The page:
In this thesis, the conventional four-point measurement technique and the van der Pauw (vdP) method are systematically investigated in the presence of non-ideal conditions, namely, non-uniform carrier density distribution and absence of ohmic contacts, which are nonetheless commonly encountered in semiconductor characterizations. Upon understanding the challenges in the conventional methods, novel characterization techniques are developed to address these challenges.
A longitudinal magnetoresistance asymmetry method was developed to study the carrier density non-uniformity in two-dimensional samples. By analyzing the asymmetric longitudinal magnetoresistance under positive and negative B-fields, an analytical model based on a linear density gradient across the sample was deduced to quantitatively describe the asymmetry. Based on the theoretical model, a practical method was described which enabled one to experimentally measure the density gradient within a single sample. The method requires only measurements of longitudinal resistances R xx and Ryy under both positive and negative B-fields, and equations have been provided to extract both the angle and the magnitude of density gradients from the measured resistances. The method was demonstrated in a GaAs quantum well wafer at cryogenic temperatures and n-GaAs bulk-doped wafer at room temperature. In both systems, the density gradient vectors extracted with our method matched well with the interpolated density gradient vectors estimated from actual density distribution maps as a base comparison set, suggesting that our method can be a universal extension of the vdP method to extract density gradients in various systems. The method also allows one to uncover the true local longitudinal resistivity ρxx at the center of the sample, which the conventional vdP method cannot describe in the presence of non-uniform densities. The ability to find ρxx makes it possible to study interesting physics in semiconductors such as interaction-induced quantum corrections to resistivity and valley filtering in multi-valley systems.
To extend the vdP method to cases where ohmic contacts are not available, a capacitive contact technique was introduced which sends current and senses voltage capacitively. A capacitive contact is formed between the buried conducting layer and the contact metal which is simply evaporated onto the sample. Systematic studies of four-point measurements with ohmic and/or capacitive contacts were conducted on a test sample and a Hall bar sample to demonstrate the effectiveness of the capacitive contact method. With a pre-defined capacitive scaling factor γ and a measurement frequency band (fL ∼ fH), it was shown that capacitive contacts could extract the same four-point resistance as ohmic contacts, establishing the validity of the capacitive contact technique.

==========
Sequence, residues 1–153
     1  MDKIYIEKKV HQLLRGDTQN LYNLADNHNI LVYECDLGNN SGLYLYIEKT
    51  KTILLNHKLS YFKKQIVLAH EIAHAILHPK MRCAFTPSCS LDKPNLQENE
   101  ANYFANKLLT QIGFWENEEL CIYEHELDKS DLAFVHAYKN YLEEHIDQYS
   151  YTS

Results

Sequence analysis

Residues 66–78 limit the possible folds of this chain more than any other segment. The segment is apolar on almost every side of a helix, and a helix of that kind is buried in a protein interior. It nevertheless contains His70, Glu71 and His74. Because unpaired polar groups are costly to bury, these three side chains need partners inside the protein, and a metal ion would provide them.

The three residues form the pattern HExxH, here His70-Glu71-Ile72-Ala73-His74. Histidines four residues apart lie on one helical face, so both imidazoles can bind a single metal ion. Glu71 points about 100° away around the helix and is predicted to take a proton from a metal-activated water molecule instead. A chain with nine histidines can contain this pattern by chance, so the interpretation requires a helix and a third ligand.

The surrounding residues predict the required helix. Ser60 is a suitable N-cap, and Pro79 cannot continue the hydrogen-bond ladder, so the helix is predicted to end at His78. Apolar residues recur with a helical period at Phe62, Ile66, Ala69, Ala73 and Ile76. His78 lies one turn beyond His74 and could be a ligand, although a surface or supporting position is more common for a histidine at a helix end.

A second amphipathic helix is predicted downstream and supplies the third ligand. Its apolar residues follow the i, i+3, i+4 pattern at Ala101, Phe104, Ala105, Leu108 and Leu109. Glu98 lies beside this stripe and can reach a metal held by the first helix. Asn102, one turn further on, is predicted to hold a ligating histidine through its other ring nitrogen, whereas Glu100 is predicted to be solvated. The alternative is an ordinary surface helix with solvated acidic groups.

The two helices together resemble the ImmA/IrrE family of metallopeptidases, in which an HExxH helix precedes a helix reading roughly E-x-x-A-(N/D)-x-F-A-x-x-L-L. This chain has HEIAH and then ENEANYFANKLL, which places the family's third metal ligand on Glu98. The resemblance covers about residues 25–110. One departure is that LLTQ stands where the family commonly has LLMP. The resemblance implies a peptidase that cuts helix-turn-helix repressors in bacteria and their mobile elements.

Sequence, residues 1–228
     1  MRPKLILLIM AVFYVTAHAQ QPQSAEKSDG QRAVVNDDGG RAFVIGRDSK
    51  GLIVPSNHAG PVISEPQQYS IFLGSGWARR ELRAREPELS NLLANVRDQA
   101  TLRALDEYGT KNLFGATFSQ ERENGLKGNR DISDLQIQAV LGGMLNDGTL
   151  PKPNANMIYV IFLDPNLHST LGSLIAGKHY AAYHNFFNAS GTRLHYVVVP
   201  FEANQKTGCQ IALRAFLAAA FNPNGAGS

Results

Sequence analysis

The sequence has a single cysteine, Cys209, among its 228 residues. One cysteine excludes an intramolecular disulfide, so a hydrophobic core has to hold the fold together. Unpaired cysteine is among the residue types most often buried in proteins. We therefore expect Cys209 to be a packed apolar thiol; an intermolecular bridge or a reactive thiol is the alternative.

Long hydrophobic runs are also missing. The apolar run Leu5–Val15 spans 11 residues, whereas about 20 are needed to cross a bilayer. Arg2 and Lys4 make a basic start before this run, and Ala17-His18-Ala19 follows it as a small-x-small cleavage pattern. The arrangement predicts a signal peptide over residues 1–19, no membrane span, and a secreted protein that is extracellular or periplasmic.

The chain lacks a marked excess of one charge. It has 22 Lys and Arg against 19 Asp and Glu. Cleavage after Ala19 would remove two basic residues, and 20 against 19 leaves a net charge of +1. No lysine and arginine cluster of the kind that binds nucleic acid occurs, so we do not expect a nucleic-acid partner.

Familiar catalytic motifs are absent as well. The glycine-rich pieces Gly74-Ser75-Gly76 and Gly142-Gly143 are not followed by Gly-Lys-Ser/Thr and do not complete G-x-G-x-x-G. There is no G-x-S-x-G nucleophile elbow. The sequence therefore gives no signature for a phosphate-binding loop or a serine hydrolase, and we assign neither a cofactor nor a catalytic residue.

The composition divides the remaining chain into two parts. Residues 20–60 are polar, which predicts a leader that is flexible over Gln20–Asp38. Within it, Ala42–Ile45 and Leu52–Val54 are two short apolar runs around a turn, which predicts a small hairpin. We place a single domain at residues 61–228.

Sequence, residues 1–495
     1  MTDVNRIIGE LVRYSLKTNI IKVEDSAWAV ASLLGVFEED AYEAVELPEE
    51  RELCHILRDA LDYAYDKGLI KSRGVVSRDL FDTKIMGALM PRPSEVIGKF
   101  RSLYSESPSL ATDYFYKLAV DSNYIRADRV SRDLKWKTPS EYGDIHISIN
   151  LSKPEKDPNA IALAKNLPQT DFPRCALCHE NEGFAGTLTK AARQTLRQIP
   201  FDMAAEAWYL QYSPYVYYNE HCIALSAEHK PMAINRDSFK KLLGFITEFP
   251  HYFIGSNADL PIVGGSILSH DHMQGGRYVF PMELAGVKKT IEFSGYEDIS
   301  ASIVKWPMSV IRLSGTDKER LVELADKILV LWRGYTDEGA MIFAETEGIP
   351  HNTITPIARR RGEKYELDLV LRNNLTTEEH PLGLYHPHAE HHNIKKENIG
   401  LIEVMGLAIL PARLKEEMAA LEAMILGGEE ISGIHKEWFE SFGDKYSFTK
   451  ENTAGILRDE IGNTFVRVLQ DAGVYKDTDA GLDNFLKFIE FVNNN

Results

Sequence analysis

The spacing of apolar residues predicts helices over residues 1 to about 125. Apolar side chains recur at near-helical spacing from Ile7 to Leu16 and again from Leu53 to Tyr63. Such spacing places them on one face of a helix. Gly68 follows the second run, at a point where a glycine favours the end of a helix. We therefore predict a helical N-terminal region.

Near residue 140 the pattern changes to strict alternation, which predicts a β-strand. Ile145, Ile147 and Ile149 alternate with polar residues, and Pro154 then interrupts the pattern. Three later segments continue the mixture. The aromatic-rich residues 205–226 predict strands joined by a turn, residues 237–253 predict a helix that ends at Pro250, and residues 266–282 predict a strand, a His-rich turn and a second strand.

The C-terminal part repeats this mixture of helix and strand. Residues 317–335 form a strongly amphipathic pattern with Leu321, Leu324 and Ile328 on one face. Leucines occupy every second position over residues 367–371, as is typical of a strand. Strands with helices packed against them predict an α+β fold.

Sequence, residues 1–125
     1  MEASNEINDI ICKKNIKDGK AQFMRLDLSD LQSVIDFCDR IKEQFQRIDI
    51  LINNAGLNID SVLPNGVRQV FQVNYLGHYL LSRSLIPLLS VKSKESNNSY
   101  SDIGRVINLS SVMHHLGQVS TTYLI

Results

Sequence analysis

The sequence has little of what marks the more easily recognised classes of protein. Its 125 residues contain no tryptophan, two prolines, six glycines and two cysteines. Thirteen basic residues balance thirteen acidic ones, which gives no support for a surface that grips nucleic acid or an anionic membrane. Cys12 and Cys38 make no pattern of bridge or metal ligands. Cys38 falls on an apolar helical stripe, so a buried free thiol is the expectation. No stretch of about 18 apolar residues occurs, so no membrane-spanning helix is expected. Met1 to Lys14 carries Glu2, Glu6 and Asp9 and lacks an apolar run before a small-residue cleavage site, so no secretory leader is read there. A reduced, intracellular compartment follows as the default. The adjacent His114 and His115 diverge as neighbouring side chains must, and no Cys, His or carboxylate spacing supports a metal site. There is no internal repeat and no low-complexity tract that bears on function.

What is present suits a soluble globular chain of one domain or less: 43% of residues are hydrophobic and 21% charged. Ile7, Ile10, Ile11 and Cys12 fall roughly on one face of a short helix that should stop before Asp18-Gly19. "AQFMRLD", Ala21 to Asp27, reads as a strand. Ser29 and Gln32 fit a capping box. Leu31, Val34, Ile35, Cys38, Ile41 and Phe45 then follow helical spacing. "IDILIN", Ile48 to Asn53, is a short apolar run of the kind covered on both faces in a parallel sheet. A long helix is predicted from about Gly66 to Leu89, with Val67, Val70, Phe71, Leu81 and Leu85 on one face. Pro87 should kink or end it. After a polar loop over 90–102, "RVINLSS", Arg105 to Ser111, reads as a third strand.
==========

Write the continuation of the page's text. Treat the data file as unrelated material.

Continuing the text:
Built on the idea of capacitive coupling with capacitive contacts, a contactless electrical characterization probe was proposed. On the probe head, there are two types of metal gates: depletion gates to define a test region and separate the contacts, and capacitive contacts to conduct four-point measurements. To characterize a piece or a region on a wafer hosting a buried conducting layer, one brings the probe onto the sample, conducts the electrical measurements with the capacitive contacts, and removes the probe. The sample remains untouched and can be reused. The contactless probe should provide a fast and nondestructive way of semiconductor characterization.
|Commitee:||Koch, Jens, Mohseni, Hooman|
|Department:||Electrical and Computer Engineering|
|School Location:||United States -- Illinois|
|Source:||DAI-B 78/02(E), Dissertation Abstracts International|
|Subjects:||Electrical engineering, Physics, Materials science|
|Keywords:||Capacitive contacts, Characterization, Density gradient, Four-point, Magnetoresistance, Van der pauw method|
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